Foreclosure Protection Lawyers
Authored by Ken LaMance
, LegalMatch Law Library Managing Editor and Attorney at Law
Locate a Local Real Estate Lawyer
What Is foreclosure?
is a forced sale of an item of real property, usually a house. It occurs in the even that a property owner is unable to make payments on the loan or mortgage that they used to pay for the home. In such cases the borrower is said to be in default on the loan. Once in default, the lending institution can take possession of the property and sell it at an auction or foreclosure proceeding in order to recover the payments on the loan.
Foreclosure is not an automatic process- there are many steps to be taken before a home is ultimately repossessed by the lending institution. During these steps, there are several protections available to the home owner.
What Protections Are Available If I Am Faced with Foreclosure?
If a home loan has gone into default status due to missed payments, the bank will likely pursue a foreclosure proceeding in order to recover their lost payments. Although this can present challenges for the homeowner, there are still a number of protections available which can prevent or delay foreclosure. Some of these protections include:
- Judicial foreclosure proceedings: These involve a court supervised sale of the home. This ensures that the home is sold at a fair price and that illegal methods as fraud or coercion are not employed. Sometimes the court allows the home owner to have a share of the sale price if it is excessively high
- Equity of redemption: Before foreclosure, the property owner can pay off the balance of the debt.
- Right of redemption: Allows the owner of the home to pay off debts after the foreclosure proceedings have already been completed. Some lenders require the borrower to pay the entire loan amount
- Right to bid: Sometimes the bank will allow the borrower to place a bid at the auction where the house is being sold. In effect this allows the home owner to buy their property back from the lender
- Public notice: The lender must make a public notification that the house is being foreclosed. This increases the chances that the house will be sold at a reasonable price.
Finally, even before foreclosure proceedings are initiated, the property owner must be notified that they are in default on their loan or mortgage. This allows the borrower a reasonable amount of time to catch up and make back payments on the loan.
How Can a Lawsuit or a Bankruptcy Proceeding Help?
Filing a lawsuit or filing for bankruptcy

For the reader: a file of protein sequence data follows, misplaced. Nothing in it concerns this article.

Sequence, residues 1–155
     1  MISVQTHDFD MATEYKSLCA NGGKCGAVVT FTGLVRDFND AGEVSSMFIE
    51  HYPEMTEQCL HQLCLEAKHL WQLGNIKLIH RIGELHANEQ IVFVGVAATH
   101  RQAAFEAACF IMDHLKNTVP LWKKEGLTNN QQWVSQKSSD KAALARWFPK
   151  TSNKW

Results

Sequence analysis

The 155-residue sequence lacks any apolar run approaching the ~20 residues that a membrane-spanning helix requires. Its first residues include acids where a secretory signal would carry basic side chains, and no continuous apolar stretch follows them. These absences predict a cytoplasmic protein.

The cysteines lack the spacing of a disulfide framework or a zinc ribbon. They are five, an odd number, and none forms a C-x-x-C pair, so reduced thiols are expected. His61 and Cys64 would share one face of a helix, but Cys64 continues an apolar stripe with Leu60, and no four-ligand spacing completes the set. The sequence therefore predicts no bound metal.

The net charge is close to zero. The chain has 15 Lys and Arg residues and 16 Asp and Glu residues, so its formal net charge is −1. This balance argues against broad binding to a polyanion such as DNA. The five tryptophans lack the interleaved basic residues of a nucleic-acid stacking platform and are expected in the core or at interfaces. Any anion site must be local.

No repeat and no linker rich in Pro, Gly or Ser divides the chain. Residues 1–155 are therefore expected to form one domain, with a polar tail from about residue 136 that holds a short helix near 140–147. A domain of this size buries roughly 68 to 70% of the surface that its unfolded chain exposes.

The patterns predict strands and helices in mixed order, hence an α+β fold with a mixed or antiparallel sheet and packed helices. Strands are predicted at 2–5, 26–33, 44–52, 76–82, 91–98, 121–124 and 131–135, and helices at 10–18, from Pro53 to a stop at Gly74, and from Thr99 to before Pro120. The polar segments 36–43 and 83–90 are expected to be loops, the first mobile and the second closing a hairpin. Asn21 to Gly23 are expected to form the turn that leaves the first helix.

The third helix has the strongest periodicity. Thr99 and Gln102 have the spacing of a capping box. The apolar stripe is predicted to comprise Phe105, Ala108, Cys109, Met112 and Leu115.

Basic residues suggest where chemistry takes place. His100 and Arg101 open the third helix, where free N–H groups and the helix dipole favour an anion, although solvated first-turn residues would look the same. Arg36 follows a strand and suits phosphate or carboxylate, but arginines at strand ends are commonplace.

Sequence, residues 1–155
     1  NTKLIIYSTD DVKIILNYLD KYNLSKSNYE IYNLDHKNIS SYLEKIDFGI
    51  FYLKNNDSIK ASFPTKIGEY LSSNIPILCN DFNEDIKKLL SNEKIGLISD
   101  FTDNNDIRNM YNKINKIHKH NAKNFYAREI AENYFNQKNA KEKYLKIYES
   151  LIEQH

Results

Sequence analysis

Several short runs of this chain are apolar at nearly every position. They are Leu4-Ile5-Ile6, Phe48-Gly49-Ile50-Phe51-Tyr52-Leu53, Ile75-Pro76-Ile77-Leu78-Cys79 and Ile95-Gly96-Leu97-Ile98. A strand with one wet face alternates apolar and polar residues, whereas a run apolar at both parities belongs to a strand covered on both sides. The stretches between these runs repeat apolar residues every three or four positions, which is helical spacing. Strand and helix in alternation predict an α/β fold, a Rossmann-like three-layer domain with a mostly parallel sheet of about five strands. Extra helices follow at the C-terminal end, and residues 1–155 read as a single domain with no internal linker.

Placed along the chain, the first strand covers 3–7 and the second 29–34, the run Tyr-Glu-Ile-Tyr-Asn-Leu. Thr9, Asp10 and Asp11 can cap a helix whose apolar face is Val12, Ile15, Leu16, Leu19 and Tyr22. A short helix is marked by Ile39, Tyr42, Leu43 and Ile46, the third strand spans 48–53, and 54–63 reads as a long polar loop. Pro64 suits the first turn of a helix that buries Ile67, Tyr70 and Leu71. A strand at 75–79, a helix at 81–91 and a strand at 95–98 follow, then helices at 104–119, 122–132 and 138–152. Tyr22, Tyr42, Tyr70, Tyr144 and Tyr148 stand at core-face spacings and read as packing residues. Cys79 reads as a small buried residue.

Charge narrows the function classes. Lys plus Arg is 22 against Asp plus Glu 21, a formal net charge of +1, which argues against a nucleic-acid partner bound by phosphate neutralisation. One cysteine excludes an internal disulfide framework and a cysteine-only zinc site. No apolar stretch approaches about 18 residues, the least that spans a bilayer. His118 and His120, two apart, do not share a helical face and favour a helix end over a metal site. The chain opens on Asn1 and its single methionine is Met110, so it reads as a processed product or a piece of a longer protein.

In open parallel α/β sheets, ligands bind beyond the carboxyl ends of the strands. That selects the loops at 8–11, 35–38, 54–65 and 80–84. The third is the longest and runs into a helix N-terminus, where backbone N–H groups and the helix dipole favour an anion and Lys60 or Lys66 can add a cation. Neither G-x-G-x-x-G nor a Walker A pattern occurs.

will not necessarily stop the foreclosure process. However, they do tend to delay the process, giving the borrower some time to gather resources for loan payments.
In order to file a lawsuit against a lender, the borrower needs to have a legitimate claim such as mortgage fraud or duress. In other words, you cannot file a lawsuit simply for the purpose of delaying foreclosure proceedings.
Filing for bankruptcy can sometimes delay the ultimate foreclosure ruling. Once a person files for bankruptcy, the bankruptcy judge will usually order an automatic stay
on all debts, including outstanding mortgage payments. This means that lenders may not collect on loan payments, make evictions, or complete the foreclosure process until the bankruptcy hearing is completed.
In very limited instances, filing for bankruptcy can result in a complete discharge of all debts, including defaulted loans. This is extremely rare and only available under certain circumstances. Finally, please note that filing for bankruptcy can have several unwanted consequences in other areas of life. Always consult with a lawyer and make a thorough analysis before deciding to file for bankruptcy.
Should I Hire a Lawyer?
Foreclosure can present many challenges for home and property owners. If you are being faced with foreclosure, you should contact a lawyer who can provide you with valuable legal advice. Foreclosure rules vary from state to state, and an experienced attorney will be able to prescribe the proper course of action under state and federal real estate laws. Be sure to keep all relevant documents, such as deeds, titles, and records of payments.
Consult a Lawyer - Present Your Case Now!
Last Modified: 03-11-2014 11:59 AM PDT
Find the Right Lawyer Now
Did you find this article informative?
Link to this page